Written by Amy Wise Taylor
Originally published in The Catholic Miscellany
CHARLESTON, SOUTH CAROLINA — Church personnel, just by the nature of their jobs, are often expected to know the answers to all manner of questions regarding the faith. They are queried about the sacraments, the Liturgy, the readings and more. It is a level of knowledge that requires continual education.
Bishop Robert E. Guglielmone hopes to provide that education and has tapped Franciscan Sister Kathy Adamski to lead a new program that will provide pastoral formation for the lay staff of parishes and chancery offices.
In an email to The Miscellany, Sister Kathy explains the genesis of the idea, saying: Pope John XXIII stated before Vatican II, the Church must open her windows and become a more dynamic part of the world. Vatican II challenged people to fulfill the call they received through the sacraments of baptism and confirmation and serve the Church in many and various ways.
The bishop’s vision is to bring the teachings of Vatican II and recent papal teachings to life, she noted. Pastoral formation is about helping people realize their role in understanding, professing and living the faith.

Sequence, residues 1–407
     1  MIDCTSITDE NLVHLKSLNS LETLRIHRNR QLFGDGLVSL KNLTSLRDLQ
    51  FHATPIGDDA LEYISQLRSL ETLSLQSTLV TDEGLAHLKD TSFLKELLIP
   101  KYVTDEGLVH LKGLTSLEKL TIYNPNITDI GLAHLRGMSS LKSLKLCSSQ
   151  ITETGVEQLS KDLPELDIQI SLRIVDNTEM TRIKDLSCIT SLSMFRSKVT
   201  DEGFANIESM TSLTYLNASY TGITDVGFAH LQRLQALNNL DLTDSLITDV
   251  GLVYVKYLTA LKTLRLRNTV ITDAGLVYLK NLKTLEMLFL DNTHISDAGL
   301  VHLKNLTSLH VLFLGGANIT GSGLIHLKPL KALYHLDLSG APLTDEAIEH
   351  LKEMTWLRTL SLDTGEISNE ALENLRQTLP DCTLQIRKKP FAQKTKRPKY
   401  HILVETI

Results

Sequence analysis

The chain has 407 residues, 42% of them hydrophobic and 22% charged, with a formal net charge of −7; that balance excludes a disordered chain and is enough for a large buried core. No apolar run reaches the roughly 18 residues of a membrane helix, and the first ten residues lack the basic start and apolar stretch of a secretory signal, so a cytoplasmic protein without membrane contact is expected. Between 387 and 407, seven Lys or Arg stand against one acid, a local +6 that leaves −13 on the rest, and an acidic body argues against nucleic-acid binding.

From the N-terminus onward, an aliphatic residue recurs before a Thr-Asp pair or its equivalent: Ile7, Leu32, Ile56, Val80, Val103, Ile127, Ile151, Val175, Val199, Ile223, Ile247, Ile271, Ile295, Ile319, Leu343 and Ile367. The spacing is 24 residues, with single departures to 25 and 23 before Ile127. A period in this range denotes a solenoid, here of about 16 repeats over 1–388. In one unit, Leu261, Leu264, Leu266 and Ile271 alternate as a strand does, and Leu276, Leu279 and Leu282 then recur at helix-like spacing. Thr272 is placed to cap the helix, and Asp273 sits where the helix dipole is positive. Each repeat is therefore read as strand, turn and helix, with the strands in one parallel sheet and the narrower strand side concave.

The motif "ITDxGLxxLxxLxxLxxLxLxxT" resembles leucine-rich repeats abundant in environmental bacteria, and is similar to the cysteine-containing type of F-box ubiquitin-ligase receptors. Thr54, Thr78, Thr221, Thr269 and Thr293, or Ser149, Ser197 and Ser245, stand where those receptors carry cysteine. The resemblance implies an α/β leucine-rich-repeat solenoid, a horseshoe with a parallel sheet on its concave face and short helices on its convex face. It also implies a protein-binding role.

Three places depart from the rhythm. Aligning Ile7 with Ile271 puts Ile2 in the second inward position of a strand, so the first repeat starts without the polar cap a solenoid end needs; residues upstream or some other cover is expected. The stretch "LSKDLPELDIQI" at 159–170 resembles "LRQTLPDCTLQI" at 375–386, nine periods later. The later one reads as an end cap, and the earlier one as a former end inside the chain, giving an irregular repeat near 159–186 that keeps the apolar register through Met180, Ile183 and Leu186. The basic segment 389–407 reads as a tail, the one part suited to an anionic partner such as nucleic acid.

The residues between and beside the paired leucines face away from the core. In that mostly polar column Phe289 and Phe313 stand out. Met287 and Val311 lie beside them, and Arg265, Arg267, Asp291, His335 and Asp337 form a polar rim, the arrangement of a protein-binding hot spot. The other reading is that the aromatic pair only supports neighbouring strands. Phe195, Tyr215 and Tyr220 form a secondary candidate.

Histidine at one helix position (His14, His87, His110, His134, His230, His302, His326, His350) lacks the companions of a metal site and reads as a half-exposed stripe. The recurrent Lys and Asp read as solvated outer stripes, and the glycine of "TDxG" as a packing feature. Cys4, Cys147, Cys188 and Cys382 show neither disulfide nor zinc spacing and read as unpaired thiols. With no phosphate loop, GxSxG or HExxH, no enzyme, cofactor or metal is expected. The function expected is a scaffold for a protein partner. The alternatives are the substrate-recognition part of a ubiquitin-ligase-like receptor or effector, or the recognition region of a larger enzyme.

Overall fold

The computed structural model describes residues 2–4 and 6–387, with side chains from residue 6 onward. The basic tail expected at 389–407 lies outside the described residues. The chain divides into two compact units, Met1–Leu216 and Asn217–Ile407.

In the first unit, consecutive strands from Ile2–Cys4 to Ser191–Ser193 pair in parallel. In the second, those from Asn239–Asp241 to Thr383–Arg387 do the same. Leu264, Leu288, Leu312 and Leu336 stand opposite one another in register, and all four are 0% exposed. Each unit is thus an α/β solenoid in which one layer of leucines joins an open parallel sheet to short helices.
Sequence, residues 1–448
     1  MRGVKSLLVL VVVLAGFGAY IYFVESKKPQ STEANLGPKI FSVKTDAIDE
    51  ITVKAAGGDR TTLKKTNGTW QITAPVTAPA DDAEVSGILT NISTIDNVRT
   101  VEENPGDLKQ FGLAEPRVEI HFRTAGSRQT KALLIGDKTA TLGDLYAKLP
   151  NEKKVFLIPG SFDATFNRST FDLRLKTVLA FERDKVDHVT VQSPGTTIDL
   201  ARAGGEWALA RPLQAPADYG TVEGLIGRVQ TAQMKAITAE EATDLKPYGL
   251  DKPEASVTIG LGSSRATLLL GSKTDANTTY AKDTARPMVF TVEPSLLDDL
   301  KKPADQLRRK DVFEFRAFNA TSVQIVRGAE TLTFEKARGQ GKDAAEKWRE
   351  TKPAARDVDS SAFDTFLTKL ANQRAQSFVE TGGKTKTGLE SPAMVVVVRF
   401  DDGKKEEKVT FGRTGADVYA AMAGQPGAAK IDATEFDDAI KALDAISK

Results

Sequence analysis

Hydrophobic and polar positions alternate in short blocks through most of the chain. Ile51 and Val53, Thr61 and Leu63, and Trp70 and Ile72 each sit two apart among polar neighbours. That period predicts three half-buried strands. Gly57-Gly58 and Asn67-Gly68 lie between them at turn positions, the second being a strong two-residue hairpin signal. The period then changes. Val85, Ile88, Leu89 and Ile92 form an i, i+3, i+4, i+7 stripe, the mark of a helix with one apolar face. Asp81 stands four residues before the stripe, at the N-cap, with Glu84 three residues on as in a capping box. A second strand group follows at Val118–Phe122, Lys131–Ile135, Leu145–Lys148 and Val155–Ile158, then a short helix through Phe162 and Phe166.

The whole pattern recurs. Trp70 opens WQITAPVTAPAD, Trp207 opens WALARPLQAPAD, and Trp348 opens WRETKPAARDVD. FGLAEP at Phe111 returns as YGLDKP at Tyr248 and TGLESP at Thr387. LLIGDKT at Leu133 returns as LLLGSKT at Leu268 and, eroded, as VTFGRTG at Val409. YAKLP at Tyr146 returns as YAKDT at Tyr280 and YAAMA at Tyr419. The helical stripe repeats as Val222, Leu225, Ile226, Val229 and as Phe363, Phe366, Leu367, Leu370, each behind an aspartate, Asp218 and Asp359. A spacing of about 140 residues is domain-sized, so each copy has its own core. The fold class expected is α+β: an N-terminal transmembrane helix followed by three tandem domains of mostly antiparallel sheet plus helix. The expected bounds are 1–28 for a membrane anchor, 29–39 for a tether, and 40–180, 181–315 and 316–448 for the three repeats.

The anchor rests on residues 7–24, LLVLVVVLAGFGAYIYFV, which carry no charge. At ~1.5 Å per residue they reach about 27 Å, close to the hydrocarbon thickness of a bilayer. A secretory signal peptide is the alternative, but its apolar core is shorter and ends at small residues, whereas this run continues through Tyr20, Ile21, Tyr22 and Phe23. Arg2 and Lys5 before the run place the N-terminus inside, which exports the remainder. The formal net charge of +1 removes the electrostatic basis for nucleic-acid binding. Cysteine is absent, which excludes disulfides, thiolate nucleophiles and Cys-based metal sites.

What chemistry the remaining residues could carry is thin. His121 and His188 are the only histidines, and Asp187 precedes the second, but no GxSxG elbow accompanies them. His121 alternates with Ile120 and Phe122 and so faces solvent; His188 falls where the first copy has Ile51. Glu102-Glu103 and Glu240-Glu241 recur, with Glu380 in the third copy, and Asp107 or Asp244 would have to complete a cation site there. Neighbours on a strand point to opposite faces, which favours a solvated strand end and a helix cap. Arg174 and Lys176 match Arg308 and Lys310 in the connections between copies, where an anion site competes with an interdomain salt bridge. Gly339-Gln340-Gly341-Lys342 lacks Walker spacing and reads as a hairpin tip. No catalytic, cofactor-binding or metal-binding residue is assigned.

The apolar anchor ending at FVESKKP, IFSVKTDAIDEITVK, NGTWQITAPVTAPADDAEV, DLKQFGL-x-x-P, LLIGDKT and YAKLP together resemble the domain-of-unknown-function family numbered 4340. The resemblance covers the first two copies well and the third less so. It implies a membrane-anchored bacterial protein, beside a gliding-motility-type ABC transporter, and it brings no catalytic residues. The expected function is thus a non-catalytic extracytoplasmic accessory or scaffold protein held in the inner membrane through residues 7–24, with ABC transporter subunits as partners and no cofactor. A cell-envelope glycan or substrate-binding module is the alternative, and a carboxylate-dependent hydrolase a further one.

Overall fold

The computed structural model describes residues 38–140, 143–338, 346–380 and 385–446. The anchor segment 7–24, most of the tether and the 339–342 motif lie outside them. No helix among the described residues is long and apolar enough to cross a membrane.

“We ought to be able to talk with our friends and neighbors and feel confident in explaining Church teaching so that others have a correct understanding of our faith,” she said.
For example, the faithful should understand the meaning of the Mass as a time of worship, offering to the Lord the joys and sorrows of the previous week and pledging to do better.
Along those lines, Sister Kathy recalls a well-known quote from Mother Teresa: “This may be the only face of Jesus that people will see today.”
The religious sister said we should all try to be the face of Jesus to everyone we meet, and this is the message she hopes to bring to others through the diocese’s new education ministry.
“When we come to work here [in the Church], it should be different than walking into another building. A church ministry should affect how we speak to each other, how we dress, our kindness, everything,” she said.
Currently, she is hammering out a curriculum with advice from Sister Pamela Smith, Secretary of Education, which will be offered to all parishes staffs and diocesan personnel.
Sister Kathy has a background in education working in Catholic high schools and universities, and is a former vocation director for her community, the Sisters of St. Francis of the Neumann Communities. She was pastoral associate at St. Benedict Church in Mount Pleasant and serves on the boards of the seminary and Catholic Charities.